public speaking

10 Ways To Conquer Fear of Public Speaking

The most common phobia people have is the “Fear of public speaking”. Some people dread public speaking even more than death. Most of us live with this fear throughout our lives. Being an underrated skill we fail to get proper guidance to overcome our stage fright. As schools and colleges do not provide any training on public speaking, most of us lack the confidence to speak in public when we reach adulthood. Public speaking is necessary for each one of us irrespective of our age or profession. If you are wondering how public speaking can help you in your life, then let me list out some of its benefits–

As public speaking boosts your confidence levels there are more chances of you succeeding at job interviews

You will be more comfortable working in a team and giving effective presentations and seminars in the workplace. This improves your professional life and your relationship with your colleagues.

As a confident speaker you will be comfortable breaking the ice and starting conversations with strangers. This expands your social circle and improves your personal life.

If you are passionate about public speaking then you can also consider being a professional speaker. There are many people out there who make a living out of speaking or use it as a source of additional income.

With all these and many more rewards that it offers don’t you feel it is worth conquering your fear of public speaking? Let us look into some ways to overcome our fear of public speaking.

1. Take the Plunge

The only way you can get over your fear of public speaking is by going ahead and speaking. It might sound counter intuitive but this is true. The longer we wait to do whatever it is that is causing the fear, the more intense our fear would become. So go ahead and give that speech or presentation you have been pondering over for such a long time. Enroll yourself in public speaking groups or organizations like toastmasters club where you get to constantly challenge yourself and move out of your comfort zone. (Check the Toastmasters International website -  http://www.toastmasters.org/ to know more about this organization and to find a club near your area)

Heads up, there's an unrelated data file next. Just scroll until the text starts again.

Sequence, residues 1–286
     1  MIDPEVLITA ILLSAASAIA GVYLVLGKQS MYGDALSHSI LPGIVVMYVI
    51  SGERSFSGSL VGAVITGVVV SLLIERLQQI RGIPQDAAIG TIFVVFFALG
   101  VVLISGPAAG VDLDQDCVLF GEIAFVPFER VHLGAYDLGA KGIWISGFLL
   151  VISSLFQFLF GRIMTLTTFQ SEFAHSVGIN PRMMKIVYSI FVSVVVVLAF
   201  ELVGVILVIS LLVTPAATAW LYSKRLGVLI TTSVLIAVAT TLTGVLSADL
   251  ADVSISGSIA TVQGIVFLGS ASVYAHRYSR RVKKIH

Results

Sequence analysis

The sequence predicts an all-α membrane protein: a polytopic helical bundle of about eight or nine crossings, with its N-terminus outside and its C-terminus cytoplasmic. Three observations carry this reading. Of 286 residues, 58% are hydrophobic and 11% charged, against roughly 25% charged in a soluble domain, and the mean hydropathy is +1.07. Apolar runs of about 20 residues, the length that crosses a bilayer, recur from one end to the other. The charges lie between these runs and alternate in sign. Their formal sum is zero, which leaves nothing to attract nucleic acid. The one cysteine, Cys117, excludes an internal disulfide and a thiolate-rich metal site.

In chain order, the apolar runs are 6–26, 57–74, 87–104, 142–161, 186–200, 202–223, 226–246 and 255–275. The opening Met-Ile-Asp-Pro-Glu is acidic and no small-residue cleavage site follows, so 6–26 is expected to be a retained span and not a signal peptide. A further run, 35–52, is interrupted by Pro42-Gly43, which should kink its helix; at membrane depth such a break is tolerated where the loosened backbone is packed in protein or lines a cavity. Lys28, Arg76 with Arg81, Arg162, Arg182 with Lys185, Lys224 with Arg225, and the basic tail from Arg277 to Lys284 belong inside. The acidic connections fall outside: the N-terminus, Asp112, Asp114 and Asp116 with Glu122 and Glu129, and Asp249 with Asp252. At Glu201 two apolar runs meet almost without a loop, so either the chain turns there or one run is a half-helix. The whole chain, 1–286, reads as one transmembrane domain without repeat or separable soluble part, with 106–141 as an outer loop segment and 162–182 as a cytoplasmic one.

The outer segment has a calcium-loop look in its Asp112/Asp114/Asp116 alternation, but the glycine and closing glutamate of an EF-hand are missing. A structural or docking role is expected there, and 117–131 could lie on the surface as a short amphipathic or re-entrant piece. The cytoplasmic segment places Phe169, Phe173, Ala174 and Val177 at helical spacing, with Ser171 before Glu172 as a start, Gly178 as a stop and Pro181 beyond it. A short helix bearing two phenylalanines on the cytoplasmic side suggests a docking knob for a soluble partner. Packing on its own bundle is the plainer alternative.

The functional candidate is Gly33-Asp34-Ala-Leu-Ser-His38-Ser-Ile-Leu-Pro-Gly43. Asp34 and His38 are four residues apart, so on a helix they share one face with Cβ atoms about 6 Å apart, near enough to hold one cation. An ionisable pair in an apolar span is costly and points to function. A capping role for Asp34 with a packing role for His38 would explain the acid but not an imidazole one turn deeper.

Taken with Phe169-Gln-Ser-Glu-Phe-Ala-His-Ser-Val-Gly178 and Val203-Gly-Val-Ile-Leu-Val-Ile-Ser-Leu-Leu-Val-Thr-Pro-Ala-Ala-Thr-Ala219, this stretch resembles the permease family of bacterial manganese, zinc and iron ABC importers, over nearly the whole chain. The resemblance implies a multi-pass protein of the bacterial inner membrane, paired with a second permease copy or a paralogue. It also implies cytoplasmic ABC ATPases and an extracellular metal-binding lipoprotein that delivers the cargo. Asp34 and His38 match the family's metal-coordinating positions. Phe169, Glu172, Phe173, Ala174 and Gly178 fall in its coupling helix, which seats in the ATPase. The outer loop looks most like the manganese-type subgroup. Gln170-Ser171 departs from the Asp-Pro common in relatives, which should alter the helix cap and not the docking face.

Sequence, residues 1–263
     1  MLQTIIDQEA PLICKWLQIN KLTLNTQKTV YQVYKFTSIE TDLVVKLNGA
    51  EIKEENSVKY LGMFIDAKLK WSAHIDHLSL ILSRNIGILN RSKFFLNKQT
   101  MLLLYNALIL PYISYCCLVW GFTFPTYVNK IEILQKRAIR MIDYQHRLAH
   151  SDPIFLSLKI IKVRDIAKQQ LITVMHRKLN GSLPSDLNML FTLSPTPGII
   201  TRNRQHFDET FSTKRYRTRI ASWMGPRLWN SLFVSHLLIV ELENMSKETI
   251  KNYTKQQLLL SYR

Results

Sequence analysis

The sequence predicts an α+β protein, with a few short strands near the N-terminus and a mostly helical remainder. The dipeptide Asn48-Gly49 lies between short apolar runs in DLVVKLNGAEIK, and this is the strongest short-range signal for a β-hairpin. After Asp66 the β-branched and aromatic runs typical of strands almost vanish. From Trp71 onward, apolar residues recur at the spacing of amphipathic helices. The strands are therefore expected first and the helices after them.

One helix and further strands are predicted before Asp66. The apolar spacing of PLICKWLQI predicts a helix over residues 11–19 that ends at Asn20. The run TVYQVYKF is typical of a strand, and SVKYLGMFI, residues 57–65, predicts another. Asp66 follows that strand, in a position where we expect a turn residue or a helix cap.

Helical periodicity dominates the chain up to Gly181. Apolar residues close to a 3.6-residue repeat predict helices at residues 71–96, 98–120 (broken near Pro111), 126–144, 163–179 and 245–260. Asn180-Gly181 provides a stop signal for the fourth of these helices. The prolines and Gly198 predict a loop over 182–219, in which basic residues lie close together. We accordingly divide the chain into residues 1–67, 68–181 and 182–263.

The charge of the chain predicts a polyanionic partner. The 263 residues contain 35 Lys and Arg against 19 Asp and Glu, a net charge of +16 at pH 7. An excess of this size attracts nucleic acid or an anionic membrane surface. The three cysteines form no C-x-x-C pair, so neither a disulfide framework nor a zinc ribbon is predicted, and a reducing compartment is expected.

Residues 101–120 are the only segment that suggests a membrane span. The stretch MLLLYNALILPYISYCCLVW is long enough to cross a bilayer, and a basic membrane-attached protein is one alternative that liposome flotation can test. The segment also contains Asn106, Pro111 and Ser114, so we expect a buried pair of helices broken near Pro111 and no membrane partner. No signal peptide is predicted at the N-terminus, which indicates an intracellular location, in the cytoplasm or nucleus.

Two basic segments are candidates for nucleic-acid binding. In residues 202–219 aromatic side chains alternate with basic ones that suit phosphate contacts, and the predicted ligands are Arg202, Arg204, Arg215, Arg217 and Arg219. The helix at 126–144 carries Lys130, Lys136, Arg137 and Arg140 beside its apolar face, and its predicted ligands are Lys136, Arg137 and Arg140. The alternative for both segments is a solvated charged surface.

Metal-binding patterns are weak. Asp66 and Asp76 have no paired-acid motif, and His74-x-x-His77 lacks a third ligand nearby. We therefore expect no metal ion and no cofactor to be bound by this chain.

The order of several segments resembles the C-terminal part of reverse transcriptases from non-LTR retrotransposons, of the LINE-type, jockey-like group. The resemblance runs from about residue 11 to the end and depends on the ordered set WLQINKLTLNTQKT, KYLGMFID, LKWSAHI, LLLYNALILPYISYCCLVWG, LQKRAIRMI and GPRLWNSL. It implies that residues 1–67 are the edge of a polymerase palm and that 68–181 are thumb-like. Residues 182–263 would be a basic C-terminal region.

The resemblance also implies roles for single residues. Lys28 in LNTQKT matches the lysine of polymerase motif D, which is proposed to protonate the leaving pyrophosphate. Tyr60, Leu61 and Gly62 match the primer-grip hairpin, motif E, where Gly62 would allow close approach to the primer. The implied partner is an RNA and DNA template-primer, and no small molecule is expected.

2. Mind matters

Dr. Robert Schuller once said “You are what you think about all day long”. This statement is true when it comes to public speaking. We all have this preconceived notion about the things we can do and the things we cannot do. I have heard some people say “Oh…I am such a terrible speaker” When I ask them how many speeches they have given so far, they would say “ Well… none” How can you assume that you are not good at something even before trying it?

Change these self -sabotaging beliefs you are holding in your mind. You can become a good speaker only when you believe you can.

3. Preparation pays

Genius is 1% inspiration and 99% perspiration – Thomas Edison

I remember my initial stages of transformation from a shy and incompetent speaker to a more confident speaker. I would practice my speech around 15-20 times before delivering it in Toastmasters club. This preparation played a major role in alleviating the jitters I would feel on the day of my speech. When you are well prepared you are more confident that your speech would turn out well and this keeps you in a relaxed mode.